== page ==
Another US law that will harm consumers

Another US law that will harm consumers

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by Moon of Alabama.

Today, the United States, already suffering from high inflation caused by a lack of supply, launches another round of the most stupid sanctions:

“A new law, the Uyghur Forced Labor Prevention Act (ETFO), comes into effect on Tuesday in the United States and prohibits the entry into the country of products made in Xinjiang or with links to labor programs in this country. region. It requires importers with any connection to Xinjiang to produce documents proving that their products, and all the raw materials with which they are made, are free from forced labor; a tricky business given the complexity and opacity of Chinese supply chains. …

In theory, the new US law should block all products made with raw materials associated with Xinjiang until they are proven to be free from slavery or coercive labor practices. But it remains to be seen whether the US government is ready or able to refuse such an array of foreign products. »

The 12 million Uighurs live mainly in southern China’s Xinjiang province. The region is arid and there is not enough water for a growing population. Over the years, this has led to poverty, social unrest and, with the help of some Saudi-trained Wahhabi preachers, terrorism against non-Wahhabis.

The Chinese government has launched a large-scale program to solve the problem once and for all. He has subsidized companies to move their production facilities to Xinjiang. For geographical reasons, these are now mainly in the northern part of Xinjiang. The government also organized large camps for vocational and language training. Once people moved there, they were offered jobs in the new factories where they work in return for normal wages.

The United States’ anti-China propaganda campaign claims that these Uyghurs were coerced into their new jobs and calls it “forced labor”. This is however not the case.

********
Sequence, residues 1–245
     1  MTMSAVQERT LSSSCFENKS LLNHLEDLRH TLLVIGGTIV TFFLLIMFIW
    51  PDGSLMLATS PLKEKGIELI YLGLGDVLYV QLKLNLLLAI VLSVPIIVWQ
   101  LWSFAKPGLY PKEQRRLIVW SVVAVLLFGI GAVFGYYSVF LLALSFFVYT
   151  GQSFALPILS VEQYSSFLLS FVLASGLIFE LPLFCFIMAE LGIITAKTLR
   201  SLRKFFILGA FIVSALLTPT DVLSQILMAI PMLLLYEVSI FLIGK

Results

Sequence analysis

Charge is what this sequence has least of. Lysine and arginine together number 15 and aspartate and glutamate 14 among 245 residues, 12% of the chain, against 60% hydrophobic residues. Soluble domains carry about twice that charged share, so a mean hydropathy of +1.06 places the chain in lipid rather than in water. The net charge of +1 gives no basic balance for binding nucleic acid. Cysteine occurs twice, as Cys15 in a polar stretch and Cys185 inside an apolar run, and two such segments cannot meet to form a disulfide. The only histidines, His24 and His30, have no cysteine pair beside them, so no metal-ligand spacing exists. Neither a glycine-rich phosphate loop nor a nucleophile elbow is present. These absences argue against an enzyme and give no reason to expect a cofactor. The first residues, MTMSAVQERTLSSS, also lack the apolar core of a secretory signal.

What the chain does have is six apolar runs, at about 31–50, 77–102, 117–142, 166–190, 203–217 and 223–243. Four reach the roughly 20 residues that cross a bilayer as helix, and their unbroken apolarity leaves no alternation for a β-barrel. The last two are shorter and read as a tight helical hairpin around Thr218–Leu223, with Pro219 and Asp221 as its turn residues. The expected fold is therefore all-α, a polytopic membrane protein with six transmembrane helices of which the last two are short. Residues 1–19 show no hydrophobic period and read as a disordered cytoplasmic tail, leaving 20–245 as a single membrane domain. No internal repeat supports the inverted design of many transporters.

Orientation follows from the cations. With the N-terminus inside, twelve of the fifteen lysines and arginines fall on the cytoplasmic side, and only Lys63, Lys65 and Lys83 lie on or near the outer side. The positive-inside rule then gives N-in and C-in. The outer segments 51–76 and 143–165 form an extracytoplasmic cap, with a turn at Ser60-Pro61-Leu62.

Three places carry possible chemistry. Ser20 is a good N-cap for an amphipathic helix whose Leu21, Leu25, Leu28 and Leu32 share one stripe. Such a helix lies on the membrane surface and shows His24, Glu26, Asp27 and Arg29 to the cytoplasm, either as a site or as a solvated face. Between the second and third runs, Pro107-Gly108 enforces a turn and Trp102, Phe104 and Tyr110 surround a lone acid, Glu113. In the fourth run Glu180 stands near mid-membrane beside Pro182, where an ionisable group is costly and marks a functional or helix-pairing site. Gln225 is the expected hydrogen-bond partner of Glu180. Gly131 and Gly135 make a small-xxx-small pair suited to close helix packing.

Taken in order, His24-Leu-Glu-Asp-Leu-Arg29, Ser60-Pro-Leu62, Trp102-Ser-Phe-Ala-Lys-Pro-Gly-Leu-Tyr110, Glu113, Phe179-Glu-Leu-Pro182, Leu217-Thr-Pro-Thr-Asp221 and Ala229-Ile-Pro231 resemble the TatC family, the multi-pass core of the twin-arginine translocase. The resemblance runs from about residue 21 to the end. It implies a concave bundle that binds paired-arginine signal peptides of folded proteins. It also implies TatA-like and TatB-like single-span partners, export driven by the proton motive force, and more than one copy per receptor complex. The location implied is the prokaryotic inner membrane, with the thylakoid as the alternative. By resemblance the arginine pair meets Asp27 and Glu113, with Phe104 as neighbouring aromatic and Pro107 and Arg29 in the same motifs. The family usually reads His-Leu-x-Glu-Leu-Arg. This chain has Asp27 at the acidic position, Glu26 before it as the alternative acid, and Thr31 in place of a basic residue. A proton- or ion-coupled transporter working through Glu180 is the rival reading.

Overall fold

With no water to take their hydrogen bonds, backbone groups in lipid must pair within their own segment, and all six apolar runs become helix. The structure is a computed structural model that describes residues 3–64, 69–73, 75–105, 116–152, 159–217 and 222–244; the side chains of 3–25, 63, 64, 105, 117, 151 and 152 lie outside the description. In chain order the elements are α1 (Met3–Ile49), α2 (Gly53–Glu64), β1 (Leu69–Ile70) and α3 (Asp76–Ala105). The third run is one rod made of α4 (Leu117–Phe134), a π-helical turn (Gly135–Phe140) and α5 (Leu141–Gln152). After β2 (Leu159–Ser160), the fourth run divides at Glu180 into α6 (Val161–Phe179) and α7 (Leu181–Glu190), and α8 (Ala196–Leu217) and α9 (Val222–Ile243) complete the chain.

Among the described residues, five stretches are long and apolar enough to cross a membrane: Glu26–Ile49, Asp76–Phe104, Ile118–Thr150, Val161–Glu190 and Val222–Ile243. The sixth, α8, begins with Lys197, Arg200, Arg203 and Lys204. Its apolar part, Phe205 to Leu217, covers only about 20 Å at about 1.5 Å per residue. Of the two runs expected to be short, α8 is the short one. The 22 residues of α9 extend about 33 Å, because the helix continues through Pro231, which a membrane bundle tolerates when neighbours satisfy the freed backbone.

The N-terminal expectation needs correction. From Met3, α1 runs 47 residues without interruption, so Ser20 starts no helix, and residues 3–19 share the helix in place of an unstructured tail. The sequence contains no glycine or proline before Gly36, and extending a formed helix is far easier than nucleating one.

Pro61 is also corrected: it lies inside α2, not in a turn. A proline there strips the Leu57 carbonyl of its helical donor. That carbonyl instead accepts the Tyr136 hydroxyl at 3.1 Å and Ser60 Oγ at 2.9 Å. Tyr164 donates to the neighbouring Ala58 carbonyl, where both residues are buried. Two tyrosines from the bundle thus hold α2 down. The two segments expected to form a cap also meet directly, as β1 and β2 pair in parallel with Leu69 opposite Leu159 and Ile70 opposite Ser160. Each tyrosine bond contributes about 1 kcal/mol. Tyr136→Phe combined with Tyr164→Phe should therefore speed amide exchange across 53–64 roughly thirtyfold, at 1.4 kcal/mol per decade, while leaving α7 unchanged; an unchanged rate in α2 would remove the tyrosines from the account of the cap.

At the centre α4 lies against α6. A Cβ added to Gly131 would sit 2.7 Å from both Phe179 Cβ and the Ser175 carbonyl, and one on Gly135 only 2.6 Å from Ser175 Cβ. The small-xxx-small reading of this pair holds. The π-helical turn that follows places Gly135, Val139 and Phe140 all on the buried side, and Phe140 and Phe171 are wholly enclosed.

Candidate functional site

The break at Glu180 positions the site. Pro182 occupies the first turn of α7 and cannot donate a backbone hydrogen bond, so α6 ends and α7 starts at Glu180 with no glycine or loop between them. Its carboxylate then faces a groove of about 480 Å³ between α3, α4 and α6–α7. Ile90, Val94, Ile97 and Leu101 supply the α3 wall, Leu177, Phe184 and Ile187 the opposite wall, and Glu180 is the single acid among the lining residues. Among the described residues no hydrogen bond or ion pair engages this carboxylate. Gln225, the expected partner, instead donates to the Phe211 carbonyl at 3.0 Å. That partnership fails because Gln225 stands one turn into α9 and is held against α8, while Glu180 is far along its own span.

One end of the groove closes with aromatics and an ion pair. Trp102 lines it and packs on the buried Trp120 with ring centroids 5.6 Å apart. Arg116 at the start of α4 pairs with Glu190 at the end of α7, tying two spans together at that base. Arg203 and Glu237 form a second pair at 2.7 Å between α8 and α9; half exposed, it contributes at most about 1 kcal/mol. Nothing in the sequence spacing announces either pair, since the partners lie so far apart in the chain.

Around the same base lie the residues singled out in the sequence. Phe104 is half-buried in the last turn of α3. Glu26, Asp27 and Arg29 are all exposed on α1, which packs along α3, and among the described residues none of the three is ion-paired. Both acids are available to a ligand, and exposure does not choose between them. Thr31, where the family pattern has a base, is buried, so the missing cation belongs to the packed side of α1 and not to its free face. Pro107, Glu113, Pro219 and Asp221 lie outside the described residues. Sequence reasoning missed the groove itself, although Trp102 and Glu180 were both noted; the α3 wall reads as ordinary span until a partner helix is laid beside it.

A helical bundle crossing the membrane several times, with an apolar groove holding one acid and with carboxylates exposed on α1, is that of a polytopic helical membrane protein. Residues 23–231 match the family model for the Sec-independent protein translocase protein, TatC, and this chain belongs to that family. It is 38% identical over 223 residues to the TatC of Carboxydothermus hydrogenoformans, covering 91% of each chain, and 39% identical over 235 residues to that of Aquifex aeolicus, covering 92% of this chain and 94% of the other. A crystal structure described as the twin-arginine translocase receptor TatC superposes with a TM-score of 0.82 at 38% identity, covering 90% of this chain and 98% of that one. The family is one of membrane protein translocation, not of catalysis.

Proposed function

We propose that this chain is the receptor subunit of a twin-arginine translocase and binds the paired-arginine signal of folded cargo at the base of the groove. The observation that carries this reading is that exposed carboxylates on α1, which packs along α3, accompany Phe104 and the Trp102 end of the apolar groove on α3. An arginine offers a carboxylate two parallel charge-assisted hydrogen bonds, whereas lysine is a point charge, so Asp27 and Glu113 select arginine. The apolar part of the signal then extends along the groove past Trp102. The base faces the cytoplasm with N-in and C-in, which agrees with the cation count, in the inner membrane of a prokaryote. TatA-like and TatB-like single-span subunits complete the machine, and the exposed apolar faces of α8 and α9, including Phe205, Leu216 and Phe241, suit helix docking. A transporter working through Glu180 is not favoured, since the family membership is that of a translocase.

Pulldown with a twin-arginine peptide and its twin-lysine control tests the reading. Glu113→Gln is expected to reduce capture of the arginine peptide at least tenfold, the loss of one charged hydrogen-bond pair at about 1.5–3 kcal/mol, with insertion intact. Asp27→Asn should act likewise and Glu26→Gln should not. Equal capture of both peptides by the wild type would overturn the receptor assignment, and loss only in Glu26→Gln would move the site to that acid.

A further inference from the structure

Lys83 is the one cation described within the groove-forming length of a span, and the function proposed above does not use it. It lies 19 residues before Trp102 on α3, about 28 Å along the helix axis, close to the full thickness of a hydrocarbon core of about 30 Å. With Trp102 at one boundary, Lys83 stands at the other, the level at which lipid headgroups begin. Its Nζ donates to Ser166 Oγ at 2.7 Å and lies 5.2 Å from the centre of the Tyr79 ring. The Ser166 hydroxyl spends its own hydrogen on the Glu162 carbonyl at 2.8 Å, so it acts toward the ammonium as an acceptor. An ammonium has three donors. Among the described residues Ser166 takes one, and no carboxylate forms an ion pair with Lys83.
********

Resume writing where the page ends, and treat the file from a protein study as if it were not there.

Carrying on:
Working in an industry away from home is normal in China. This is the reason why every year during the Spring Festival season, 300 million people in China travel to reunite with their families.

Real forced labor is what we see in the US prison industry where prisoners have no choice but to work for pennies that the prison will eventually claw back due to the absurd prices of petty basic necessities that prisoners have to pay for.

It is likely that the Biden administration will apply the new law to many more products.

Domestic producers competing with Chinese products can complain to the Commerce Department, which will then have to hold imports at the border, launch an investigation and possibly seize the products.

This is exactly what Auxin, a small American solar panel producer, did in a tariff case that caused chaos in the sector:

The investigation will reduce planned solar installations for 2022 and 2023 by 46% and could cost more than 100,000 jobs in the solar sector if the ministry imposes the tariffs, according to an analysis published yesterday by the Solar Energy Industries. Association (SEIA), which organized the meetings of the Congress. …